Upper Colorado River Basin states, including Wyoming, are looking for agricultural irrigators, municipalities and other water users interested in a volunteer program that pays them to leave water in streams flowing to the troubled Colorado River.

But with just two weeks left to enroll in the System Conservation Pilot Program, water users still have myriad questions regarding eligibility, how water savings are measured and what participation in the program might mean to their operations. 

Given the short timeframe, the Upper Colorado River Commission, and the Wyoming State Engineer’s Office, which oversees the program in Wyoming, are urging interested water users to submit project proposals by the Feb. 1 deadline, even if they’re unsure whether their water savings plans qualify.

“We can still take incomplete applications by Feb. 1, and we’ll work with you to complete those, finalize them and get you into the system,” UCRC Deputy Director Sara Larsen said during a public question-and-answer webinar Wednesday.

The UCRC staff, along with state-level water officials, will verify qualifications and otherwise help applicants complete their proposals — post-submission, if necessary — in order to enroll as many participants as possible, according to the commission.

Successful applicants for the 2023 program will be notified by the end of February.

Water conservation rush

The SCPP is one of five short-term strategies that Upper Colorado River Basin states — Wyoming, Colorado, Utah and New Mexico — have offered to help meet a challenge by federal officials to conserve 2 million to 4 million acre-feet of water in the over-taxed system this year.

The UCRC announced a call for SCPP proposals Dec. 14 with a filing deadline of Feb. 1. 

Lake Powell and Glen Canyon Dam. The photo from May, 2021, shows the lake’s white ‘bathtub ring.’ (Ted Wood/The Water Desk)

The quick turn-around stems from intensifying drought conditions that helped drain Lake Powell and Lake Mead — the two largest reservoirs on the Colorado River — to historic lows this past summer, threatening water availability for some 40 million people who depend on the river. Interior Department Assistant Secretary for Water and Science Tanya Trujillo announced drought response actions in May intended to maintain hydropower generation at Powell and Mead, which included taking extra releases from Flaming Gorge Reservoir on the Wyoming-Utah border.

“More needs to be done as the system reaches critically low water levels,” Trujillo testified before the U.S. Senate Committee on Energy and Natural Resources in June. “The system is at a tipping point.”

Though Wyoming and its upper basin partners didn’t commit specific water-saving volumes in response to the Interior Department’s call for conserving 2 million to 4 million acre-feet of water this year, the UCRC put forth a 5-point plan. The SCPP is the first to be implemented.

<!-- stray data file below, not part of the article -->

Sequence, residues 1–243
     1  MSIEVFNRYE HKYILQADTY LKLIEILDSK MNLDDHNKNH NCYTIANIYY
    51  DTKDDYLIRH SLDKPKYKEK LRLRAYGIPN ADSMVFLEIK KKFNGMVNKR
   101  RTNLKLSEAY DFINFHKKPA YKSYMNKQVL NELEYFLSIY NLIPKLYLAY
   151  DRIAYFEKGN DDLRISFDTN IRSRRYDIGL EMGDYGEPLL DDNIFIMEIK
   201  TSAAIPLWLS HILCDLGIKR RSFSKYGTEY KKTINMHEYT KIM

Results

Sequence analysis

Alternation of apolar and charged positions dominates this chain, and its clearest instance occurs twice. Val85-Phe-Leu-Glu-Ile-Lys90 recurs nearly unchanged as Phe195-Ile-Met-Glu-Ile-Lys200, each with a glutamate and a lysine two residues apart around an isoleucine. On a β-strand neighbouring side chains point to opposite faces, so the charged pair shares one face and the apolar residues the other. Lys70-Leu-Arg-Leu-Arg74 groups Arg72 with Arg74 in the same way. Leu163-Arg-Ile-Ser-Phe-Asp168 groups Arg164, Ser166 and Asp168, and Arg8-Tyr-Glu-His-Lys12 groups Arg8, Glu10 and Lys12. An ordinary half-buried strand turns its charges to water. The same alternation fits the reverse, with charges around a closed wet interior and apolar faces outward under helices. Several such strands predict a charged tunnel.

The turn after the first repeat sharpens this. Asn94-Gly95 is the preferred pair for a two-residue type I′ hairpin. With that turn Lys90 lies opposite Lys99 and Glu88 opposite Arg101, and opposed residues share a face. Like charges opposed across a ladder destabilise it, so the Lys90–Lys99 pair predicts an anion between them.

This diagram shows water levels among major reservoirs in the Upper Colorado River Basin as of Jan. 17, 2023. (Bureau of Reclamation)

“Upper [Colorado River Basin] states have made no commitment with regard to the number of [SCPP] projects or target volumes or anything other than adapting to the interest from willing partners among water users and tribes in the upper basin,” UCRC Executive Director Chuck Collum said during the Wednesday webinar.

Addressing the short turn-around for SCPP proposals, applications don’t “have to be perfect,” Collum said. “But it needs to be in the hopper [by Feb. 1] so we can work with you to refine it.”

The UCRC and Wyoming State Engineer’s Office, however, are not beginning from square one. Wyoming enrolled a couple dozen water users in the program’s initial iteration from 2015 through 2018, and found exponential interest among irrigators — particularly in the upper reaches of the Green River and its tributaries, according to state officials.

How it works

To qualify for the SPCC in Wyoming, a water user must have a valid water right within the Little Snake or Green River basins and demonstrate that that right has been exercised in recent years, according to state officials. Participants are credited only for voluntary reductions of “consumptive use,” which is described as Colorado River-bound water “that can be estimated or measured,” according to the UCRC.

Flaming Gorge Reservoir, which receives water draining off 15,000 square miles of western Wyoming, was more than 30 feet below its maximum height in this December 2022 image. (Mike Koshmrl/WyoFile)